When I was twelve, Uncle Billy told us to steal a load of corn out of Mr. Aspenwall’s field.

“I’m going to unlock the trunk on your Aunt Jack’s cadillac.   Now here’s what I want you to do. I want you to drive down to the turnaround, park the car, get out, and then pick me some corn out of Aspenwall’s field. Then come on back.  I mean a whole trunk full now, not just a few ears, you hear?”

“What if they catch us?” I asked

“Then they’ll put you in jail and throw away the key, so you’d better move fast”, he said.  He, like all of my family, believed the best way to control children was to keep them scared.

My little sister looked like she was going to cry.

“Julius?”, said my cousin. Julius was the gardener for Uncle Billy and sometimes for Mr. Aspenwall. He was a dark-black, skinny, man and the story was that he’d killed his wife with a butcher knife.  He liked to hide in the corn on hot afternoons and drink paregoric. He didn’t like children “fretting him”.

“Don’t worry about Julius.  You can out run him barefooted”. Uncle Billy wasn’t going to give up, so we got in the car and went after the corn.

We took Aunt Jack’s pink Cadillac.  Aunt Jack was an invalid due to a stroke and stayed in bed mostly.  I’d been driving her car around the grounds for a while because Uncle Billy didn’t like it to sit idle for too long, bad for the motor he said.  I was the oldest at twelve, the only one who could see through the windshield while holding my foot to the gas pedal so I drove.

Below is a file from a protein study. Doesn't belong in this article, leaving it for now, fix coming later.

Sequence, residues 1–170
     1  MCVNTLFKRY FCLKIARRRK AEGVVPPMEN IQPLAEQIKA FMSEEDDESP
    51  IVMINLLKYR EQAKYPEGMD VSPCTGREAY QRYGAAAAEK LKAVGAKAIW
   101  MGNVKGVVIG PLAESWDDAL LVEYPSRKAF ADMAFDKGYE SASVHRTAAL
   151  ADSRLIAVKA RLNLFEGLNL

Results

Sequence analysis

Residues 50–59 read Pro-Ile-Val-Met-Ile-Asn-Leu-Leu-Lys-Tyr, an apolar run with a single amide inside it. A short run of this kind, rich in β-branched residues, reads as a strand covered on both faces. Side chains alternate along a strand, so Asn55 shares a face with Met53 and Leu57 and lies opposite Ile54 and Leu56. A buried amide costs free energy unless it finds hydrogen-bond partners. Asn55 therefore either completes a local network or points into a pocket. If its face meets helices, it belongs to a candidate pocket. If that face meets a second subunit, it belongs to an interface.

I rocked down the road by pressing the accelerator down so that the car jumped forward, and then taking my foot off the pedal to let the car glide. I would then step on the brake  before stepping on the accelerator again. My sister looked like she was going to throw up on the white leather seats.  She had car sickness, because she was so sensitive.

“If you are going to throw up.  I am going to make you get out of the car, and walk home”, I said.  She just got whiter, and her eyes looked wider and darker, and she slumped down in the seat.

When we got to the turn around. I stopped and we all jumped out except my sister who was still sitting there all pale and pop-eyed.  We grabbed ear after ear of corn and ran back and forth dropping it into the trunk.  It was hot. There were green worms on lots of the corn usually toward the tapered end of the ear.  I was trying to knock a worm off without touching it with my fingers when I heard a conversation a few rows over.

“No suh I ain’t stole no corn,”

“You are a liar.”

“No I ain’t.  Them children stole that corn and carried it up the road.”

I looked at my cousins both of whom were frozen like deer listening for the approach of a predator.

“Who is the other one?” I said because we knew the first voice was Julius.

The locusts sang loud then soft then silent. Then they repeated.  The voices had stopped.

“I think he’s doing both voices,” my younger cousin pointed to our right as he spoke.

“Yeah, it’s just him,” said the other cousin.

We stood there sweating.  I was wondering how long it would take me to get that car started if I could make it to the car before he grabbed me.  He’d stopped talking and we heard him rustling through the corn plants.  I hoped he was leaving.

Then a the plants swayed, and parted, and he was standing before us holding a little brown bottle of paregoric in one hand and a hoe in the other. I could run maybe, but I knew not to back down from anything like a wild dog and Julius seemed to fit into the same category as a wild dog.

“What you doin’ with that corn.  It ain’t belong to you,” he took a sip of paregoric as he spoke.

“What are you doing”? I heard myself say back to him.  I sounded like my mother.